The LBGT community is making their message clear. “Come Out. Speak Out. Vote” is the theme of this year’s National Coming Out Day, which took place on October 11. Student organizations at MSU have collaborated in constructing a week-long calendar of events running October 7-15.[voice]
National Coming Out Day celebrates the anniversary of the 1987 March on Washington for Lesbian and Gay Rights. This year’s theme is meant to encourage LBGT people to not only “come out” but also to talk with friends and family about their sexuality. “It’s important for us to be heard because the rest of the year we’re
not,” second year grad student T.J. Jourian said. “We’re silenced because of who we are. This is one week out of the year we get to focus on us.”
On Saturday October 9, many students gathered for the Rainbow Rush Dance in the Union. The dance was instituted so that students could come together and hang out without worrying about stereotypes and the awkward feeling of being ‘different’. “It is a social outlet on campus that is safe and comfortable. There are no outings,” Allen Stock, a math education senior and vice president of RING (Respecting Individuals on Neutral Ground) said.
On Wednesday, some students participated in a public demonstration called Act Out in effort to teach people about the connection between hateful speech and hate crimes. Participants silently distributed literature to other students, drawing attention to the slurs and hate words on their clothing and the fake bruises and blood on their faces.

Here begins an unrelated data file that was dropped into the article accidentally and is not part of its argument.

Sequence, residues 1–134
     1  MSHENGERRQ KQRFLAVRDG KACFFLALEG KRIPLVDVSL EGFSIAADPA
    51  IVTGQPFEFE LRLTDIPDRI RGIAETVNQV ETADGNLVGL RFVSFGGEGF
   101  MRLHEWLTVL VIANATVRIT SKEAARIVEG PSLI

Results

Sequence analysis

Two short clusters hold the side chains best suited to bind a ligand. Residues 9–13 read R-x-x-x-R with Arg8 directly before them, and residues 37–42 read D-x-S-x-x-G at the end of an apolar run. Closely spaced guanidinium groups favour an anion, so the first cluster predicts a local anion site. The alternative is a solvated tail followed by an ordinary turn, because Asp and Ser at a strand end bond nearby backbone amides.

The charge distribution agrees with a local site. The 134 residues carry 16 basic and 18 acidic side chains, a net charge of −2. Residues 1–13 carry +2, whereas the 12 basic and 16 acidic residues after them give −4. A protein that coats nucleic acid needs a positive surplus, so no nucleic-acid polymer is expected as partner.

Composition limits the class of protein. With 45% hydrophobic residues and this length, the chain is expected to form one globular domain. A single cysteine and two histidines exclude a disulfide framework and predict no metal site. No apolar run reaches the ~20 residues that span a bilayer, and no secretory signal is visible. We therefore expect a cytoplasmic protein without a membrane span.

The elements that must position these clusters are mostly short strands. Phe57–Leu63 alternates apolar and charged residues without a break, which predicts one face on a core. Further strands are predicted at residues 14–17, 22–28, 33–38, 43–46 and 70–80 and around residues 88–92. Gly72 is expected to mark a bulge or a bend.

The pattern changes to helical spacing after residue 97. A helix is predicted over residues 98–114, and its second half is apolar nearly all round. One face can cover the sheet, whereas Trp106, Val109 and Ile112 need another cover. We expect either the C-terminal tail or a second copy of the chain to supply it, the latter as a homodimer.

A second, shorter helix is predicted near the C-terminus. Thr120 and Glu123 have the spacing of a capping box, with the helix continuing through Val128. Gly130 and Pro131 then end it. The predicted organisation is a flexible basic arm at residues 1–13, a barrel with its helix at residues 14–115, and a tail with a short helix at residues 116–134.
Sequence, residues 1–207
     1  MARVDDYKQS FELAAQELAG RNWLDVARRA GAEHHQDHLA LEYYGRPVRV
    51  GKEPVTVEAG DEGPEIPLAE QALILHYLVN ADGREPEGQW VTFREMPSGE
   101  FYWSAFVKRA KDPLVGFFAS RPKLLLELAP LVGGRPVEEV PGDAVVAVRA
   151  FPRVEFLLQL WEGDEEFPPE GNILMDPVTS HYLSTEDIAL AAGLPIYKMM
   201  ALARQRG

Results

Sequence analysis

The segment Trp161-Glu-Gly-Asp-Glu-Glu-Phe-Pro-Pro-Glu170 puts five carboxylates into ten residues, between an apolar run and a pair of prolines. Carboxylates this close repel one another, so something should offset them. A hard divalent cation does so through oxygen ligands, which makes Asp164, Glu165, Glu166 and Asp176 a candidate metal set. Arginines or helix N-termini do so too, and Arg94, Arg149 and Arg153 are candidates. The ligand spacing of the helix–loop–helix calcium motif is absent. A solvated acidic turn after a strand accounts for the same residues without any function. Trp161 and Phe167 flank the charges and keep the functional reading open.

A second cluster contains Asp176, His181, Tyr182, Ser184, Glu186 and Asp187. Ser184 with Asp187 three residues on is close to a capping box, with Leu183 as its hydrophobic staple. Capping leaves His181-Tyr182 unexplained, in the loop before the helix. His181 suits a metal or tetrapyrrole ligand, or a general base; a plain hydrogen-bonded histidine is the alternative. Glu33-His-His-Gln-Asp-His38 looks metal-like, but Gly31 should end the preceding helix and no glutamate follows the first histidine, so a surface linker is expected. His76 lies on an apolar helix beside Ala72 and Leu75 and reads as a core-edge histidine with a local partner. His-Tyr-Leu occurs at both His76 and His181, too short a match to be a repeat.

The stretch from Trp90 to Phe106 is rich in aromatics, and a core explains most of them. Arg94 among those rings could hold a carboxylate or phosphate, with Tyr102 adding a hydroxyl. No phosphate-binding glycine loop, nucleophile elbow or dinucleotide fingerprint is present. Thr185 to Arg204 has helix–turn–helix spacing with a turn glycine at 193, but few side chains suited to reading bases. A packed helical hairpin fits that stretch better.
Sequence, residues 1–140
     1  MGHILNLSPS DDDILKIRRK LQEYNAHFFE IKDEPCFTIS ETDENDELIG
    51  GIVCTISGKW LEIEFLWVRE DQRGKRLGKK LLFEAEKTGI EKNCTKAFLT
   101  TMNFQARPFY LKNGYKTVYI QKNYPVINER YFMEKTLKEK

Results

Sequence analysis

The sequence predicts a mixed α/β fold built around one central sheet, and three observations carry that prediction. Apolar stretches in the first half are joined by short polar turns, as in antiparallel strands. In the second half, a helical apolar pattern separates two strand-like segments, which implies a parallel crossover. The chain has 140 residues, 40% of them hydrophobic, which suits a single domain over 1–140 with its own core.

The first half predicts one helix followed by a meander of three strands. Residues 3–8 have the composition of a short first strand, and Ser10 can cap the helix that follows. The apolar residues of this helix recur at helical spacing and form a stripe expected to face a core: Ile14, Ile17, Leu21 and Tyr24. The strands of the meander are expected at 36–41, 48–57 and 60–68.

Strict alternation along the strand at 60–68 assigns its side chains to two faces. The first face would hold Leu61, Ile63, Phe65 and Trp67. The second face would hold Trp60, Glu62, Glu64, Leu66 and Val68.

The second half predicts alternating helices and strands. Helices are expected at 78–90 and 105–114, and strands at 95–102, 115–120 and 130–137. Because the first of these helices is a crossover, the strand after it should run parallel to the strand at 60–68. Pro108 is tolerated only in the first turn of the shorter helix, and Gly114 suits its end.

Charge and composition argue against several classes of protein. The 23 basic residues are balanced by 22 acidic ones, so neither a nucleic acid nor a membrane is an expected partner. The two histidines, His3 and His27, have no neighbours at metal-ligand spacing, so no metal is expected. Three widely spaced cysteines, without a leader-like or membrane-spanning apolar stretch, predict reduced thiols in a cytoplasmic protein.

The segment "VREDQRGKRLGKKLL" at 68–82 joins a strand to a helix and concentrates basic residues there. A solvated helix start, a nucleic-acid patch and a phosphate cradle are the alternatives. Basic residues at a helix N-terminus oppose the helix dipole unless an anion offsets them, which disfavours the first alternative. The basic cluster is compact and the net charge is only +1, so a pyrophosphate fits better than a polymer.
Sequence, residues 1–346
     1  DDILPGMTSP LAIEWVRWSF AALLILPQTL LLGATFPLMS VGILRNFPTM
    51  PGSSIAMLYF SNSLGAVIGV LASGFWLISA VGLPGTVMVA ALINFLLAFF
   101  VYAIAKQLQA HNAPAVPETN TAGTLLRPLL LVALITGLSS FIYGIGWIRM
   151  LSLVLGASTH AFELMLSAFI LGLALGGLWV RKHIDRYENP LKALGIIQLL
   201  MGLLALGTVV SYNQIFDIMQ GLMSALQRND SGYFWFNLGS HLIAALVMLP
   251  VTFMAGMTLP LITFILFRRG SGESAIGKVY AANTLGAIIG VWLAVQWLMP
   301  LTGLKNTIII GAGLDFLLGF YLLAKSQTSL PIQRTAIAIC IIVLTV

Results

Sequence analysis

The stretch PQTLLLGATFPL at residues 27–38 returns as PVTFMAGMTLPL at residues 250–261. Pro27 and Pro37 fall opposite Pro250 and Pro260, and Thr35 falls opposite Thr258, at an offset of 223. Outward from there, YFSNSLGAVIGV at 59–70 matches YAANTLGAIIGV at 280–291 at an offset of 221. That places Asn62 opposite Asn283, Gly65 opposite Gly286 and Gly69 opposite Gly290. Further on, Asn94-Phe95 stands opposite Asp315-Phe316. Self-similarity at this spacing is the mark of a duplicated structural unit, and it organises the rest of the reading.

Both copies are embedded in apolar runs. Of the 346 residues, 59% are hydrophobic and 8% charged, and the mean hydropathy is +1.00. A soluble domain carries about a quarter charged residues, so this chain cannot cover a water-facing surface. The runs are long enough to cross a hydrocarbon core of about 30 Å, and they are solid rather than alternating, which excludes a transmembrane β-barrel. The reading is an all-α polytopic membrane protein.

Cameron Venier, a psychology sophomore and president of PRIDE (People Respecting Individuality Diversity and Equality), expressed the importance of college students – the next generation – being heard, including those of the LBGT community. “We do have a voice,” Venier said.
The National Coming Out Day activities will come to an end with a LBGT Seminar Series in the Ohio State room of the MSU Union from 12-1 p.m. on Thursday. The Series, titled “Getting Bi: Bisexual Women’s Identity and Community at Michigan State University” is being presented by Julie E. Hartman, a doctoral student in feminist sociology. On Friday, the Coalition of LBGT Students will be walking in the Homecoming Parade at 6 p.m., starting at Abbot and Burcham.
Even participating in the parade spreads awareness to those outside the LBGT community. “It’s very important to educate causes and concerns of students so that they feel more comfortable to come out, and break down stereotypes.” Jared Leifeld, who is a part of the Student Affairs Administration, said. “The week is important because it puts a face on LBGT. That we are not just some people; we are the people on your dorm floor, in your classes, in the integral community.”
LBGT people are hopeful for a future that accepts them as they are, but they realize this loosening up of the public may take some time. For now, they are making efforts to educate the public and spread awareness on the negative effects of such things as stereotypes and hate crime, an important message around election time when the right to gay marriage is being tested.

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